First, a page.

The first 90 days in a new role or a new company are important to get right. First impressions are difficult to change after 90 days.
There are several common-sense things you need to do when moving into a new situation. Unfortunately, we often see people make significant mistakes in one or more of the areas below. Often the adrenalin from excitement or fear causes people to come on too strong; or conversely, be too laid back. The 90 days go by quickly. If you are too focused on task … the opportunity is lost forever. Use the grace period you normally receive in the first 90 days to lay the groundwork for a successful first year. Key points:
Focus on Listening and Learning
It is easy to see what you would do differently based on your experience. Wait. Make sure you demonstrate interest in what others have done in the past. Ask questions. Show respect. Clearly let them know you want to help build on past successes. If you have been told you were brought in as a “change agent” … don’t be too sure or move too fast. The phrase is often more of a recruiting message than an organizational message.
Use meetings well
Many people will likely create their lasting impression by the way they participate in meetings. Match your vocal and visual approach to those around you who seem to be most effective in meetings. People often come on too strong vocally or visually when they are trying to make their mark in the first 90 days. No one wants a nervous airline pilot. Don’t you be the one making them nervous! If you are making them nervous, you won’t last in the corporate relationship.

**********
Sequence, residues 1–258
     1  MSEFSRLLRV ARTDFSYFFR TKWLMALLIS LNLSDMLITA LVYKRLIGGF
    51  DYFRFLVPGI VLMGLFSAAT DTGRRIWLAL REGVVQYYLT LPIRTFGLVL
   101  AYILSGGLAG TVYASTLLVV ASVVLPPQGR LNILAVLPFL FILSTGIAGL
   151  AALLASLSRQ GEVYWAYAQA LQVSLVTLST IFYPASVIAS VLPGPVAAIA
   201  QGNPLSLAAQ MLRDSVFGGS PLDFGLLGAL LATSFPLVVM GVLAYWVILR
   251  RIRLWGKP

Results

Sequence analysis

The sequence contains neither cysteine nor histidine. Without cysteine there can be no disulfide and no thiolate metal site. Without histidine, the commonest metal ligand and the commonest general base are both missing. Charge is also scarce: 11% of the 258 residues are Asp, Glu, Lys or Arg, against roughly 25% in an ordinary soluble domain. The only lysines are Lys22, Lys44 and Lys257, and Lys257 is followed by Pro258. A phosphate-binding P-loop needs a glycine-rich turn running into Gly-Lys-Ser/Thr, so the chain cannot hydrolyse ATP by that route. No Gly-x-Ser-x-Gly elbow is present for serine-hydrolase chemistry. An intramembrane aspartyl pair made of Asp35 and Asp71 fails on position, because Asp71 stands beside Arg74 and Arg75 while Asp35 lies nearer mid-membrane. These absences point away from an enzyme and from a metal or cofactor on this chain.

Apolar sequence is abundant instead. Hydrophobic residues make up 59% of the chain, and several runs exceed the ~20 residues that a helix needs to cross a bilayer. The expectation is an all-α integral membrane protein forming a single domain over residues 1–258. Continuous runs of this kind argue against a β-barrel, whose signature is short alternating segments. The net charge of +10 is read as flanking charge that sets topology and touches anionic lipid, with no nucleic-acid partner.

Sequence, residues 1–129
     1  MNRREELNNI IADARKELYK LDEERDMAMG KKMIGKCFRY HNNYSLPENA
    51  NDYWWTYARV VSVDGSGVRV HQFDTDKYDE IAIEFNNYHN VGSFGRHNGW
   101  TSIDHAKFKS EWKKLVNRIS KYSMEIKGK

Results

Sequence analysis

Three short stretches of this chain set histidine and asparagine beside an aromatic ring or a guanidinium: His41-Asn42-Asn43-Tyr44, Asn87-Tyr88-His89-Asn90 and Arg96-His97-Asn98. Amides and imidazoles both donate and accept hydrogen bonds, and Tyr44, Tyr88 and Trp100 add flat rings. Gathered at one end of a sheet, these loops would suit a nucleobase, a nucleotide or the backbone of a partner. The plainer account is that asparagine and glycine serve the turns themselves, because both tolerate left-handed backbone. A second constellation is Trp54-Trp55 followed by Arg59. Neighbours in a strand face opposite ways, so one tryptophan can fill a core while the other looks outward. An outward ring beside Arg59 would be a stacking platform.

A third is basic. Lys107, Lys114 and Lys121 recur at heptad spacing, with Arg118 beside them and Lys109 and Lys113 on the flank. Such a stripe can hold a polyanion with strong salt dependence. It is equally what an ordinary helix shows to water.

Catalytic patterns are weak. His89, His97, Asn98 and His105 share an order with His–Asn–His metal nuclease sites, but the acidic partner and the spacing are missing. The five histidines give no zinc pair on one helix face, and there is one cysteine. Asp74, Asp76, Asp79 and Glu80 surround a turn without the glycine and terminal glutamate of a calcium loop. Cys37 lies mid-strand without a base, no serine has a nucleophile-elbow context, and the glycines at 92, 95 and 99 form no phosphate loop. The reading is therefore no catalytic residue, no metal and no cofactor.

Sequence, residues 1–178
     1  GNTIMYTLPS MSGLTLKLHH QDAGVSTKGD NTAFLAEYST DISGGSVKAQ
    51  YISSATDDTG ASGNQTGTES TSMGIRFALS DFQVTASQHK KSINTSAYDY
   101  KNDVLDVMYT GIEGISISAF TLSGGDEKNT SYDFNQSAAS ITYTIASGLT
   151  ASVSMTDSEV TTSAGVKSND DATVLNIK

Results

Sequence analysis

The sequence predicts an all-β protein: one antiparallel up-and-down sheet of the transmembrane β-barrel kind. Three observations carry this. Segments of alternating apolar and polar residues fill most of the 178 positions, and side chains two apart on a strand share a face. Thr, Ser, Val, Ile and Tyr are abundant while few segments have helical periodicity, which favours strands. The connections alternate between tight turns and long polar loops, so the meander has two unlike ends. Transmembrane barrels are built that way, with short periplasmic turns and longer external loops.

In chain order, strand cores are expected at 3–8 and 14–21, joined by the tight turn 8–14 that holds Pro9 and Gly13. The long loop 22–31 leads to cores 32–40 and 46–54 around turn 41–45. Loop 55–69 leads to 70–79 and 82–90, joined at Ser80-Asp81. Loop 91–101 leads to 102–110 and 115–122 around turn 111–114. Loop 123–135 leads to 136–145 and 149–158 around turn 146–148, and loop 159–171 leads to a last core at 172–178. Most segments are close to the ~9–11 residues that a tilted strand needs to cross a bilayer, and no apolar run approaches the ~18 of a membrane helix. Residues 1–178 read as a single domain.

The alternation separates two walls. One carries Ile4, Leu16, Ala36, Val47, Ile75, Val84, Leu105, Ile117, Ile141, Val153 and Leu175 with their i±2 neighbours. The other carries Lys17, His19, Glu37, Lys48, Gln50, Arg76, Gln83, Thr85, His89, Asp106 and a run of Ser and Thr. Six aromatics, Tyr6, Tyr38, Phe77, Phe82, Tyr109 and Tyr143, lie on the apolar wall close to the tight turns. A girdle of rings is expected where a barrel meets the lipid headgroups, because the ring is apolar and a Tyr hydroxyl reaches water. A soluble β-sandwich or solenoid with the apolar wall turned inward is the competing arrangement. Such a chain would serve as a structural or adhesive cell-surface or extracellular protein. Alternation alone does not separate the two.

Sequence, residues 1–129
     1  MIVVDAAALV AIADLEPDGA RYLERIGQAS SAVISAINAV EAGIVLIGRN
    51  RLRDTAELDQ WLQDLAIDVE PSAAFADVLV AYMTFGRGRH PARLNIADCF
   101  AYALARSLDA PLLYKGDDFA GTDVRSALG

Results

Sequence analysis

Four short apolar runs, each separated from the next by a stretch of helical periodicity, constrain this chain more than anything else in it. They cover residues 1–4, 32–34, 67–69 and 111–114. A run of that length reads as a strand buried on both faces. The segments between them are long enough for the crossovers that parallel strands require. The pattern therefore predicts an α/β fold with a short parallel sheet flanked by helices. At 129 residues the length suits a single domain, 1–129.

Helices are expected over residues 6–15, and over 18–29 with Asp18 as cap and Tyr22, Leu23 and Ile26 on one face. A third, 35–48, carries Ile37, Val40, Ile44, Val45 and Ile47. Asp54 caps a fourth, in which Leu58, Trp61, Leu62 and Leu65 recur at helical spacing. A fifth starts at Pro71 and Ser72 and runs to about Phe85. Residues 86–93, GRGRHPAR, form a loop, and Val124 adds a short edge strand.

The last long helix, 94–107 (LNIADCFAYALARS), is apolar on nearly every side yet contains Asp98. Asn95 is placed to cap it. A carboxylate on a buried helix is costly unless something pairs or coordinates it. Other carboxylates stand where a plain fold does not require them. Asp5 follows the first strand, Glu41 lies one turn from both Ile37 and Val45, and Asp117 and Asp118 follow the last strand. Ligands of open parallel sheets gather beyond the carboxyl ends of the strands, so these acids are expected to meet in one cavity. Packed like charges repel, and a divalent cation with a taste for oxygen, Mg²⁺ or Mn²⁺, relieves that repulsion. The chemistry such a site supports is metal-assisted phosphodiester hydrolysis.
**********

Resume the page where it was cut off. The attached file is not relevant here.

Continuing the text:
Look for “Low Hanging Fruit”
Most situations provide relatively small changes that can bring immediate payback, have low controversy, are easy to implement and within your control. Make those changes and share the credit. Help people think of you as working with them and getting results.
Build your network quickly
Being new is a natural reason to have a meeting, lunch, or coffee with key people in your area as well is in other areas. After 90 days it can be more difficult to orchestrate.
Be ready with a plan by 100 days
After you have made the 90 days work for your personal brand, it’s time for a clear and simple plan. Engage your boss and other stakeholders as well as your team. Be ready to deliver results that are perceptible to others.
Delivering results matter
Set clear expectations. Update others regularly. Avoid unpleasant surprises. Manage your perception as well as your product. Get your results through others.
Bottom line: When joining a new department or company, don’t make it just about results. Relationships matter. Let them get to know you. Share a little more about yourself, your family and your interests than you might have in the past so they can understand more of what you bring to the party. With strong and trusting relationships throughout the company, your early results will actually have a greater impact.